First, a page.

One thing that truly stood out was the support of the local authorities, the politicians and the public. All demosceners who attended the party confirmed that. The reason for that requires some explanation: a rich lady built the hall with the biggest external screen installation as a gift to the city of Arles years ago. There is also a university for design, movies, and photography. The main idea was that the universities "feed" this screen every now and then with productions and thereby turn it into some kind of cultural highlight. But as so often in life, plans don't work out all the time. So the city of Arles was very happy as they understood that the scene could bring life to this screen and install a cultural and international event in this city. "Somehow I think we do exactly what this hall was made for," adds H2O. Thanks to Christian's and Brigitte's work, the organizers convinced local politicians of the idea and in return they got massive support from the center and the region. It wasn't an easy task, due to the financial crisis as well, but the hard work of the organizers was rewarded.

Main 2009 wasn't without its problems though. The fact that the organizers moved the party from a small cultural center with full equipment, bar etc. to a big empty hall was quite a step, since now they had to take care of almost everything on their own. "As this was a first for all of us with that hall, I apologize if anyone had bad experiences last year," says H2O. "We were learning by doing!" The three biggest lessons learned are:

- The sunset can brighten up the hall and screw up your timetable
- You need to have a professional cleaning team
- You need to separate the beam team and the compo team

"Personally, I also learned to support the French way of life a lot better," comments H2O. And certainly there were some bizarre anecdotes as well. The most interesting thing was that the Main Party was an open and official event of the city, and in order to be allowed to hold such events, the building needs to be certified but the hall in Arles was not. It took the government five years to discover that. So on Friday around 2pm there was a group of officials (police, firemen, city representatives, security people) discussing IF the party can be held, and the discussion was long and partly hot. In the end we got the permission, but it was a very bizarre moment. Another interesting thing to see was that people were measuring the distance between each chair to ensure that a corridor is there in case of an emergency.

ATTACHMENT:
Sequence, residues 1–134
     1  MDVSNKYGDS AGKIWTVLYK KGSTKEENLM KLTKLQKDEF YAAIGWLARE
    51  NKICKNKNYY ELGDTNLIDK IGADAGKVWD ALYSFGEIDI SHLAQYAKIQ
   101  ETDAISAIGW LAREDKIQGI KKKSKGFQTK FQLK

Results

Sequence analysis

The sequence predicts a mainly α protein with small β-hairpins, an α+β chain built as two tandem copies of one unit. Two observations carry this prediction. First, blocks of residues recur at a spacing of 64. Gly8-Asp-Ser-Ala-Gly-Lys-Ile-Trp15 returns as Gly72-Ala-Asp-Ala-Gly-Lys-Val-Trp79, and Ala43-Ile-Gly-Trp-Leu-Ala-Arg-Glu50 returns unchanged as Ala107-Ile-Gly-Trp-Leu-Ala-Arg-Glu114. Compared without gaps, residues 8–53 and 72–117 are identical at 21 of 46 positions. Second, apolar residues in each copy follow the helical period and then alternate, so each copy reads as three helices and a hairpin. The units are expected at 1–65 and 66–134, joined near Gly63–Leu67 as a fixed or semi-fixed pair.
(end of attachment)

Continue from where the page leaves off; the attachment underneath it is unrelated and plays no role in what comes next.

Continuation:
The local government was really satisfied with Main Party 2009, and the representatives are happy that the event is held again this year. "Every now and then, they are still showing the productions on the huge screen on the roof, just to entertain people.

Main Party 2010

So let's get down to the facts. What can people look forward to this year? "First of all, Main Party is a demoscene event where you meet your demoscene friends, share some glasses, have fun conversations, watch good competitions (hopefully), and share a good time," explains H2O. "As a small extra we have Europe's largest external LCD screen on the roof of the building, spanning 3000 m2." Thanks to the support of the local goverment, the city, and the region, the team is getting a huge support to make it happen. "We really invite you to share this moment with us and all your demoscene-friends," comments H2O. "Also, the party place is really in the city center and Arles is for sure worth a visit. For those of you who prefer to go to the beach during the day I would like to mention that the really nice beach with cozy restaurants is only 35km away."

Some new features of the party are a small outside stage and outside bars (because the weather is too good to only spend the day IN the hall). For Friday, a large BBQ is planned. The team also plans to make it possible to darken the hall which will be essential during times of the sunset.

Additionally, the lighting will be improved to give it a bit more of a party feeling. Interesting DJs and live acts can also be expected. All in all there are EUR 4500.- as prize money for the competitions, which isn't much compared to the largest parties where a winning demo gets EUR 7000.-, but for a medium-size party this is respectable. The dream of the organizers is to further develop Main Party to a medium- to big-size party with approximately 500 demosceners spending some fabulous days in the sunny French weather. "I think it's better to grow slowly and raise the number of visitors year by year," comments H2O. "The goal is to make the people happy after a long trip. They should not regret that they travelled this far."

The team will fight hard to make Main Party 2010 a roaring success. It's up to the demoscene how this event will develop further.

Facts & Figures Main Party 2010

EUR 4500.- prize money
EUR 4000.- Travel Sponsor Fund
3000m2 screen on the roof
24 Hours live stream (the team would like to see you attend though)
5 Live/DJ Gigs during 2 days
3 big-screens inside (main one with 85m2)
3 airports with 100% free shuttle service (MRS / MP2 / MPL)
2 stages
2 bars
1 geekshirt store
1 retro computer / console expo